Laughing at Our Nightmares – Two comedies at Bay Theatre Companytesttest
Winter has a way of boxing us into our insular realities. Bay Theatre unfolds them with mind-bending comedy in a double bill of one-acts: the Obie Award-winning satire Sister Mary Ignatius Explains It All for You! and The Actor’s Nightmare. Both are by Christopher Durang, sometimes referred to as Christopher Deranged.
The stage is set with an ancient stone edifice featuring skewed doorways behind a marble balustrade or altar. A church courtyard, perhaps, where we will meet Sr. Mary Ignatius? No, as it turns out we are in The Actor’s Nightmare, a place suitable for any number of British classics, where George Spelvin (Steve Carpenter) has wandered onstage into the worst conundrum of his profession as last minute replacement for a lead who has broken both legs.
Spelvin’s name is a pseudonym traditionally employed by performers who wish to remain anonymous, and it’s easy to see why he would in this classic testing dream with a thespian twist. Backstage he is hailed by Stage Manager Meg (Rena Cherry Brown) and theater legends Sarah Siddons (Valerie Leonard), Henry Irving (Paul Edward Hope) and Ellen Terry (Alicia Sweeney). Each knows him by a different name; none will tell him what show they are performing.
Costumed for Shakespeare, he wanders onstage into a production of Noel Coward’s Private Lives. Of course he doesn’t realize that until five minutes under the spotlight groping for clues. As he attains a small measure of comfort in that role, the action changes to Hamlet, and he spouts snippets recalled from texts from Romeo and Juliet to the Pledge of Allegiance. Just when it seems the story cannot get weirder, Spelvin finds himself in a mishmash of Beckett plays in the tradition of Theater of the Absurd.
Carpenter’s awkwardness is sidesplitting funny and so real it spawned testing dreams in my sleep for two nights.
Sister Mary Ignatius is funny in a different way. Artistic Director Janet Luby promises in the program that, “most people will love this play, some will hate it and a few will walk out as they have in productions across the country.”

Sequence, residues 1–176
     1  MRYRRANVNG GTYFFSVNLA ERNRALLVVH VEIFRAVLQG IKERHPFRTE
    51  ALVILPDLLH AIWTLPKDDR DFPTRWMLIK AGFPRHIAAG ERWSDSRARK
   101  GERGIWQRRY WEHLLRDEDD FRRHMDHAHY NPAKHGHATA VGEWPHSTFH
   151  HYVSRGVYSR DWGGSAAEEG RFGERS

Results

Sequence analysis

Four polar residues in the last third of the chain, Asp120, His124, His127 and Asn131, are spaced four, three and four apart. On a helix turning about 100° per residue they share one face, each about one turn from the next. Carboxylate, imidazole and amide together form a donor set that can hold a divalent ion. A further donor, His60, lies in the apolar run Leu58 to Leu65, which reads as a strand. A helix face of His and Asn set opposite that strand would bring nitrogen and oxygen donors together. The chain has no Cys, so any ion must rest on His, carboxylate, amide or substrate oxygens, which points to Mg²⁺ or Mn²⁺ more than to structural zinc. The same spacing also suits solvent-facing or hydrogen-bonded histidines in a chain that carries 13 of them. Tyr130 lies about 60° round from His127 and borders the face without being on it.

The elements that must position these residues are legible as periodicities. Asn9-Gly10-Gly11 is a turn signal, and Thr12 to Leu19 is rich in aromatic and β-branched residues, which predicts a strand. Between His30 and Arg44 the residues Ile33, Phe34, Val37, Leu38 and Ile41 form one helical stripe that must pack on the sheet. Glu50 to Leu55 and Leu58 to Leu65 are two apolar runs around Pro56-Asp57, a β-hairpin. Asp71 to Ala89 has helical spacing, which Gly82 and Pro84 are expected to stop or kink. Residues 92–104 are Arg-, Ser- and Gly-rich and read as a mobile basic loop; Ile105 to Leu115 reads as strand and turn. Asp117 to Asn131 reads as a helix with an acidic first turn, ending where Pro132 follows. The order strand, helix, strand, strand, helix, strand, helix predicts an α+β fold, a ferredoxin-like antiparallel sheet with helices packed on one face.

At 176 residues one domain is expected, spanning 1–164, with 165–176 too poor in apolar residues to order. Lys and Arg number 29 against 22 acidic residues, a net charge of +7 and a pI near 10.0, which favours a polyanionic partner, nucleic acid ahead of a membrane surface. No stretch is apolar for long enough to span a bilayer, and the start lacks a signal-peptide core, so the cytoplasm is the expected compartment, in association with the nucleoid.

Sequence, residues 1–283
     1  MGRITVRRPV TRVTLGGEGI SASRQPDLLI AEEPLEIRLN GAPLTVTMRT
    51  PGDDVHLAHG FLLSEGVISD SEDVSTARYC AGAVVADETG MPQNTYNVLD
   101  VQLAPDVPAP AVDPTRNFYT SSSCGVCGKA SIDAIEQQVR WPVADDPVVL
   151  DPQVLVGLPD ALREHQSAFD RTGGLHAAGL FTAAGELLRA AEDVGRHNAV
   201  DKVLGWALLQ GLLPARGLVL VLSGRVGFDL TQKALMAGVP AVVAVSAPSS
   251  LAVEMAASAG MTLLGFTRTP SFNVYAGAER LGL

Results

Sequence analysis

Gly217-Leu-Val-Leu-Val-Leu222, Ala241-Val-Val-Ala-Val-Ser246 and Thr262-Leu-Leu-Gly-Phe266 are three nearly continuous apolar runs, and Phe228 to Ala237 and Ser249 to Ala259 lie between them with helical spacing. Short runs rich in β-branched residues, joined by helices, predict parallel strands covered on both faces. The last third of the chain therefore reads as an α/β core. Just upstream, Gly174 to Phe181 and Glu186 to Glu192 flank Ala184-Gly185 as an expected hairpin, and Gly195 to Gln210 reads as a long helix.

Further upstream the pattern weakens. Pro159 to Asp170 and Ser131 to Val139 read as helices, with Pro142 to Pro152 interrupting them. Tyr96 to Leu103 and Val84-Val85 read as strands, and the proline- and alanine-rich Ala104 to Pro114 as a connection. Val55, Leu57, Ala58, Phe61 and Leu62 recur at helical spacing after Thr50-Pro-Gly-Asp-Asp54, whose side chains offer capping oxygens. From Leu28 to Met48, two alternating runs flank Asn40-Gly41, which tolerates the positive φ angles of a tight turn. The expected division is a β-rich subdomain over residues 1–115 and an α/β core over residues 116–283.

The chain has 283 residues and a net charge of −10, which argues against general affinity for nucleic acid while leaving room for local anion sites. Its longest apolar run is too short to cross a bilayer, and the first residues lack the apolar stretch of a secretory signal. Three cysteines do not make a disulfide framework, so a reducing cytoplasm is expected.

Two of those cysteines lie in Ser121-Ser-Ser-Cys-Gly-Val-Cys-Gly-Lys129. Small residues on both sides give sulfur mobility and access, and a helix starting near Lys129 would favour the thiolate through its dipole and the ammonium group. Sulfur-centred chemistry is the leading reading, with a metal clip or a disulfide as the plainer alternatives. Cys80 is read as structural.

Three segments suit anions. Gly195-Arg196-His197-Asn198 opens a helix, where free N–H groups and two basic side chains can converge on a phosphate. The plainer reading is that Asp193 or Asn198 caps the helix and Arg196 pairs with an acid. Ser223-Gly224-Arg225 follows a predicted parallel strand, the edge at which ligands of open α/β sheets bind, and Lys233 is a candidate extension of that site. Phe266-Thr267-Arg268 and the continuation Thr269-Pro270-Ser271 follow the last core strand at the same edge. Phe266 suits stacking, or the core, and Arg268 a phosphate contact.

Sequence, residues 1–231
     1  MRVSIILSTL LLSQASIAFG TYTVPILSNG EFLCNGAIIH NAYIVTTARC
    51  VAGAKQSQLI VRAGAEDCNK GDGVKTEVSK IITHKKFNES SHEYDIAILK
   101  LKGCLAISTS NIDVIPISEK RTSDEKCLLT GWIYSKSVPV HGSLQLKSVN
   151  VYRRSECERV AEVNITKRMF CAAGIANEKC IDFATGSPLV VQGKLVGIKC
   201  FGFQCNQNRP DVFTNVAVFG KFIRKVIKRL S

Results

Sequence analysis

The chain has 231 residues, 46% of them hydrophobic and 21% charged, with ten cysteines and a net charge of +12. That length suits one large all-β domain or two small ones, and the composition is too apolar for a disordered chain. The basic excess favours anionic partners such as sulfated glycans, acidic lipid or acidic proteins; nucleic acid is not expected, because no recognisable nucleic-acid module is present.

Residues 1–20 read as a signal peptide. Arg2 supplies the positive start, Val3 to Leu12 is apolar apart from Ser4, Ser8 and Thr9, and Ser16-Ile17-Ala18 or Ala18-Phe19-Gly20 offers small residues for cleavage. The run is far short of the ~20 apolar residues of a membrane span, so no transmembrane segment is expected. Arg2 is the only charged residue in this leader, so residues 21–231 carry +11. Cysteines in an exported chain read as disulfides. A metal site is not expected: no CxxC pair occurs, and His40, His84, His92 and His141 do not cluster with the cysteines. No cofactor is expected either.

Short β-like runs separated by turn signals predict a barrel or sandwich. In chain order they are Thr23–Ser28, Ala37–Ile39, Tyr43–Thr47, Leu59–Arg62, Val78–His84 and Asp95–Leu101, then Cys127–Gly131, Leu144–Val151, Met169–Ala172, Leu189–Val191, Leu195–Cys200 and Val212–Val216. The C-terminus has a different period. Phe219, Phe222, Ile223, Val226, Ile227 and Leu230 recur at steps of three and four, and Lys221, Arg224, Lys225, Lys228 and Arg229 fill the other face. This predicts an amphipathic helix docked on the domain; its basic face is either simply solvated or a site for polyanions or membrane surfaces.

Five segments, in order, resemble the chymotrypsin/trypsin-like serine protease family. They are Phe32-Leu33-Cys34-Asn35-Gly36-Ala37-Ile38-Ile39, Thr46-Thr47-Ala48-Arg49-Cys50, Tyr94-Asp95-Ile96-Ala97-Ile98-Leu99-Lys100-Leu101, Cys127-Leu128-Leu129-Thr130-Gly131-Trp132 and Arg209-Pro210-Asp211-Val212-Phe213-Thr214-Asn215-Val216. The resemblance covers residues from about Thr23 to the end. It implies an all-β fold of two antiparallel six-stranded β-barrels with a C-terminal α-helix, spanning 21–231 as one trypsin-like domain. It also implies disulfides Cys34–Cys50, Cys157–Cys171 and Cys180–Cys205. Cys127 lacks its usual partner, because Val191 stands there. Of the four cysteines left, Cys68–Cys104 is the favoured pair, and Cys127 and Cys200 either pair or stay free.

Opening night, however, proved her wrong. No one left or groused aloud. This cradle Catholic found the militaristic nun (Cherry Brown) hilarious as she walked the line between indulgence and scorn, sanity and insanity. She is as real as and as false as my memories.
Durang’s iconoclastic work sets the religious education of his baby-boomer childhood in institutional white adorned with portraits of Christ, Mary, Pope John Paul II, Kennedy and Reagan.
Sister is aided in her mission of educating the audience by angelic seven-year old, Thomas (double cast with Andrew ‘Drew’ Sharpe and Parker Warren), who spouts doctrine for sweet rewards. They are visited by four former students; Diane (Leonard), Gary (Hope), Philomena (Sweeney) and Aloysius (Carpenter), who have returned after 20 years to perform their old pageant, a send-up of Christ’s life from the nativity to the crucifixion, starring a baby doll nailed to the cross. When post-show small talk turns acrimonious, the students confess to having come for the sole purpose of humiliating their sadistic taskmaster.
Sister will not be bested by a bunch of lapsed brats, one of whom she adds to her partial list of the damned. I will not ruin the plot with further explanation except that to say — Sister has her reasons for being so bent, Sharpe’s innocent collaboration in the ensuing carnage is brilliant and Leonard is heartbreaking as the former good girl whose faith could not support a lifetime of hard knocks.
This is a polished production, from the Elizabethan doublets to the childish camel costume and the roving spotlights that corner Spelvin at every turn. Richard Philcher directs for the second time this season, following his collaboration with Cherry Brown in last season’s smash hit Wit, which earned her a Helen Hayes Award.
This show is not appropriate for children, but thoughtful adults and teens will enjoy the ride